What are these tiny toads?

The Question: We’ve recently moved to a small farm in Marshallville Ohio. In the grass around the house and barn are hundreds of tiny toads the size of my fingernail, size is only about 1/4 inch with legs tucked under body. They are brownish/greenish with some dark spots. What kind of toads/frogs are they? I’ve never seen such small toads before.

Submitted by: Deb, Ohio, USA

The Short Answer: There are two toad species commonly found in Ohio, the American toad (Bufo americanus also known as Anaxyrus americanus) and Fowler’s toad (Bufo fowleri or Anaxyrus fowleri). These are the common toads you can find across much of the eastern United States and southeastern Canada. They are very similar, and what you describe could be either one (for tips to tell the adults apart, click here). What’s surprising about the newly metamorphosed toadlets is that they are so tiny compared to the adult toads. We don’t for example, see mini-bullfrogs. The tadpoles of many species of the genus Bufo (what most people consider to be the “true toads”) metamorphose at a very small size, often all at once, and then disperse. If you live near a pond or lake or stream where the tadpoles are common, you might all of a sudden see dozens or even hundreds of these tiny toadlets for a few days, and after that, see them only occasionally.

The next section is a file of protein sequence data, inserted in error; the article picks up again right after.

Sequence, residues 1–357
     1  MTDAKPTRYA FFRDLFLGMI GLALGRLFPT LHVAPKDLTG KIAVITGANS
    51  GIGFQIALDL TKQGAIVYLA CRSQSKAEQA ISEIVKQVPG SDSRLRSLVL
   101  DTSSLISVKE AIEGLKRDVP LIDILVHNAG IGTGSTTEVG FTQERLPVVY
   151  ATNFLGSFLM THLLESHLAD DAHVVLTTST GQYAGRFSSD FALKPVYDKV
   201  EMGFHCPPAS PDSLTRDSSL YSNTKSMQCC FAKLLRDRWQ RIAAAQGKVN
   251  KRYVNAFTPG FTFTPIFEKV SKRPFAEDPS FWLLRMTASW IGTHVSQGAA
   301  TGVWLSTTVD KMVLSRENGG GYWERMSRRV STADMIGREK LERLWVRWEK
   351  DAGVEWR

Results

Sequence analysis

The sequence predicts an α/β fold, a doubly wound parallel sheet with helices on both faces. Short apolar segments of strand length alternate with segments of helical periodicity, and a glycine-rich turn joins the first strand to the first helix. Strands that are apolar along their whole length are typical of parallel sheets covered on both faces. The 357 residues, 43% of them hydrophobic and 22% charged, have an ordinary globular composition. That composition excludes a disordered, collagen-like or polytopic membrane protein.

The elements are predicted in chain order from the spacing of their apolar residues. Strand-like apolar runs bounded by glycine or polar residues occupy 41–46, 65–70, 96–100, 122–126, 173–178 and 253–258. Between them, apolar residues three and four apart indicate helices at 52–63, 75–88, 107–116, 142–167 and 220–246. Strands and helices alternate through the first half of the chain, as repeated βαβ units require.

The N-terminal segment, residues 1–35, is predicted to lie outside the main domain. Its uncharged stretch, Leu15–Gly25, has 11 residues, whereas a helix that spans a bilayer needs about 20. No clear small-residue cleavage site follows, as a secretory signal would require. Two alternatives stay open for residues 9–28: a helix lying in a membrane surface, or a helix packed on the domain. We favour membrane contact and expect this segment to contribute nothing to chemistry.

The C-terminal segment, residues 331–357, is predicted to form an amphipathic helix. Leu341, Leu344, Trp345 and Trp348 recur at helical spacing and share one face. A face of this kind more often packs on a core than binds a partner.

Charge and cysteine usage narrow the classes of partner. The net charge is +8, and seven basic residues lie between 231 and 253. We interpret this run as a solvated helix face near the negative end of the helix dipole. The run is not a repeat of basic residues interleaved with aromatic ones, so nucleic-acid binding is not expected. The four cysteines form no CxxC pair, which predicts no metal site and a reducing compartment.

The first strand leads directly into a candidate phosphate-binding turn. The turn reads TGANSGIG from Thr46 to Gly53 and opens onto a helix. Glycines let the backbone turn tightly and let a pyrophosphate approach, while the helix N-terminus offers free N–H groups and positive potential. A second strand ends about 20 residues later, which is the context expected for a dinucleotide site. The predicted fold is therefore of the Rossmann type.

More Information: There are at least two successful strategies for becoming a grown up frog or toad. At one extreme is the bullfrog (Rana catesbeiana). Its tadpoles typically grow for two summers and can become 7-14 cm long (3-6 inches) before metamorphosing into a legged frog. The frog continues to grow as an adult, but the growth as a tadpole is the major part of the frog’s increase in size.